Controversial plans by the Issa brothers to set up a cemetery the size of 68 football pitches in Lancashire have been withdrawn.
The planning application was due to be decided by Hyndburn Council’s planning committee next Wednesday afternoon.
However, that may not be the end of the plans.
Proposals for the 85-acre multi-faith cemetery have been submitted by the Issa Foundation and backed by the billionaire brothers – who built their empire out of a Bury gas station.
Consultants working for the Issa brothers emailed the council on January 12 asking to “withdraw the candidacy with immediate effect”, LancsLive Reports.
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A director of Atticus Planning said in the email that it “will take stock of the various comments from those consulted to date and arrange a project team meeting next week to review a revised application. “.
They added that they would be in touch with the council on their progress “and when we are likely to resubmit”.
The plans were stamped as withdrawn yesterday (January 13) by Hyndburn Council.
Hyndburn MP Sara Britcliffe said: “I hope this means the concerns of the community have been heard and are being taken seriously, but I will continue to monitor this and keep residents informed.”
Billionaire business brothers Issas had tendered for the change of use of a 34 hectare agricultural site south of Blackburn Road, West End, Oswaldtwistle, Lancashire, to a cemetery with associated pavilion, internal roads, car park and associated infrastructure .
The design and access statement submitted stated that the site should be designed to accommodate at least 100 years of burials at projected rates of 175 to 350 per year.
A change.org petition launched when the plans were first reported last October now has almost 4,000 signatures, although another in favor has garnered well over 1,000 supporters.
Before the application was withdrawn, Oswaldtwistle County Councilor Peter Britcliffe said: ‘There are currently various reports from statutory bodies which do not favor the development of a cemetery and I believe the application should now be withdrawn. Obviously the people of Oswaldtwistle are extremely concerned about this.
“This is the last of the green belt we have between Oswaldtwistle and Blackburn and it’s very important that we retain as much green belt as possible.”
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Documents prepared ahead of next week’s planning meeting state: “The development of an extensive network of roads, paths, car parks and the reclassification of the site will result in a loss of openness of the green belt and damage the landscape character of this region.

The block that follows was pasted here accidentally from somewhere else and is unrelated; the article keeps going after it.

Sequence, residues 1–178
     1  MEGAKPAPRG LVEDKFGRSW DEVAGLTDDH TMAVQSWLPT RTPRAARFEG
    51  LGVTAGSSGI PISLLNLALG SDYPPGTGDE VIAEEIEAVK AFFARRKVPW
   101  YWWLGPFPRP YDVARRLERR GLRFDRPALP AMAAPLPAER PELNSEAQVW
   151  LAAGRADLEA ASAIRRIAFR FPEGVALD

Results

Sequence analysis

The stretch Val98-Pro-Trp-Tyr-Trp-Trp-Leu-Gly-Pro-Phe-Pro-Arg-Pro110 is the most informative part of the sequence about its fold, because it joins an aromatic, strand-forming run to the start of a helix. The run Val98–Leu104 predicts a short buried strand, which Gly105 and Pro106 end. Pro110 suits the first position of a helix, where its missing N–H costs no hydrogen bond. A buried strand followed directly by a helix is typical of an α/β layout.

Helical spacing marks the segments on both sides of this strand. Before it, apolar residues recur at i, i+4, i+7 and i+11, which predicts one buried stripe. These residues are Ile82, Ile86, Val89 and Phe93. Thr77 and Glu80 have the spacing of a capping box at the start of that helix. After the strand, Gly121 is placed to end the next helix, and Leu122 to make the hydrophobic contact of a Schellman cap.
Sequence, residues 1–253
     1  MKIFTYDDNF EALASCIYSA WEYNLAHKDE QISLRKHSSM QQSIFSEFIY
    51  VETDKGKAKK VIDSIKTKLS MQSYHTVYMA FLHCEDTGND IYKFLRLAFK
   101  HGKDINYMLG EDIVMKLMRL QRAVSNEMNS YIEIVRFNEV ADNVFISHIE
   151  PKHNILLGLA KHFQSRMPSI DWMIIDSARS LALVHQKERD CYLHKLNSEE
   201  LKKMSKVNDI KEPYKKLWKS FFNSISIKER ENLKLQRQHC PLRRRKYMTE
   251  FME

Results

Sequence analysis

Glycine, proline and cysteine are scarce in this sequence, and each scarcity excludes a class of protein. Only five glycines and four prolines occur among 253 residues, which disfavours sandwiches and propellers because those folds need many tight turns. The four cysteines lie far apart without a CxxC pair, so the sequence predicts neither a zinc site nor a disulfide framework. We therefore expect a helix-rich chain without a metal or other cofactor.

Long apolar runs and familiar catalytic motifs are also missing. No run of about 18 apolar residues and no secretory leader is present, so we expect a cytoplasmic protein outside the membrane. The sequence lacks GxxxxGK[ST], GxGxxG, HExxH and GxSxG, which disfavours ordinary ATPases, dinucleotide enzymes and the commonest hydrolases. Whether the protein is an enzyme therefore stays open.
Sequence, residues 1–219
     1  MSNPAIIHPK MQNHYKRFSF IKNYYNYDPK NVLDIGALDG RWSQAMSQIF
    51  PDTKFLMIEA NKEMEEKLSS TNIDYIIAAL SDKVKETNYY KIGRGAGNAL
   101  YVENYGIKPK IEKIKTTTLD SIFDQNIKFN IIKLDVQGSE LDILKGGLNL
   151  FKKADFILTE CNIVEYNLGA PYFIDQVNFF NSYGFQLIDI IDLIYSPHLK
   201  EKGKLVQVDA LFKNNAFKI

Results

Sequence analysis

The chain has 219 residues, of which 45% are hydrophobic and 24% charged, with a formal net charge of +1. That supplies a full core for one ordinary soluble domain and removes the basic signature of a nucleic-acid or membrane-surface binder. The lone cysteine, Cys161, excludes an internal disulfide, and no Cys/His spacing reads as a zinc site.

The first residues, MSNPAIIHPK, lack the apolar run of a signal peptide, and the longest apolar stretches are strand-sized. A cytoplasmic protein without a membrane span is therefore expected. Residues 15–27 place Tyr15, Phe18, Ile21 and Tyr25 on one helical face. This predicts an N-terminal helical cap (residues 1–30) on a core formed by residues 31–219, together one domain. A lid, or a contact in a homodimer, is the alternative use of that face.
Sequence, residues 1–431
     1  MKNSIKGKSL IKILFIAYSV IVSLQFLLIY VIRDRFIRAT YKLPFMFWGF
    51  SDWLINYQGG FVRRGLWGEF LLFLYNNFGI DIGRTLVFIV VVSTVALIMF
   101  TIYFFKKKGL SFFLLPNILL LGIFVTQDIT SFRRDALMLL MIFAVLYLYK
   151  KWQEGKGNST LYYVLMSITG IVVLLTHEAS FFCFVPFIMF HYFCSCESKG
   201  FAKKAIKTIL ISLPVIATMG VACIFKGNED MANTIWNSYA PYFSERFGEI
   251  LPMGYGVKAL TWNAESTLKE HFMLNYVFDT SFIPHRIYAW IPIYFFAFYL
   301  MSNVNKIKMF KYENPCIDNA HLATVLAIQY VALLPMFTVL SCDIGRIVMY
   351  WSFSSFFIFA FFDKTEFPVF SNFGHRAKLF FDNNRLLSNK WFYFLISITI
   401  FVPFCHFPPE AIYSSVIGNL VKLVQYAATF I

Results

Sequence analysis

“Insufficient information has been submitted by the applicant on a number of areas to demonstrate that the development is acceptable.
“The Environment Agency has opposed the proposed development due to concerns about groundwater pollution and the Highways Authority has raised a number of concerns which require further information for these issues to be properly addressed.
“The claimant has also not undertaken any relevant protected species surveys or demonstrated a net gain in biodiversity.”
In the app’s design and access statement, the Issa Foundation explained the need for the site: “Most Muslim graveyards in the UK are nearly full to capacity and this has been made worse by the Covid-19 pandemic. 19, with the Muslim community in particular being affected more than others, according to the Office for National Statistics (ONS).
“In the north and northwest, the situation is no different with many cities that have large Muslim concentrations and are seeing a sharp rise in deaths from Covid-19.”
A heritage report by the council’s chief planning officer, David Morris, found the proposal would result in ‘the loss of all historic characters and features’ of the saddle landscape.
He added that the development is “contrary to heritage and landscape planning policies” and would damage the setting of the listed buildings of Knuzden Hall Farmhouse, Knuzden Hall, Stanhill Hall and Cowhill Fold.
Morris said the case officer and the planning committee will need to consider whether the public benefits of the program outweigh this harm.
He added: “The development of a cemetery of the nature and size proposed would transform the present character of the countryside. The current visual unity of the green belt campaign would be lost and the cemetery would separate the fields of Cow Hill from the surviving fields of Stand Hill.
“The cut and fill of the proposed development would destroy any archaeological or other heritage assets that lie within the site boundary.”
Campaign charity The Campaign to Protect Rural England had asked that the request be refused on the grounds that the opening would be “impaired to a significant degree”.
Lancashire County Council had also submitted a ‘standing objection’ subject to conditions being met – namely not breaching public rights of way.
Environment Agency planning adviser Carole Woosey said: ‘The proposal is planned for over 100 burials per year, which is considered high risk in accordance with the L3 position statement of the Environment Agency’s approach to groundwater protection.
“Such proposals will only be approved by the Environment Agency where a developer can demonstrate, through a detailed risk assessment, that given the specific site setting and proposed engineering methods, pollution of groundwater will be avoided.”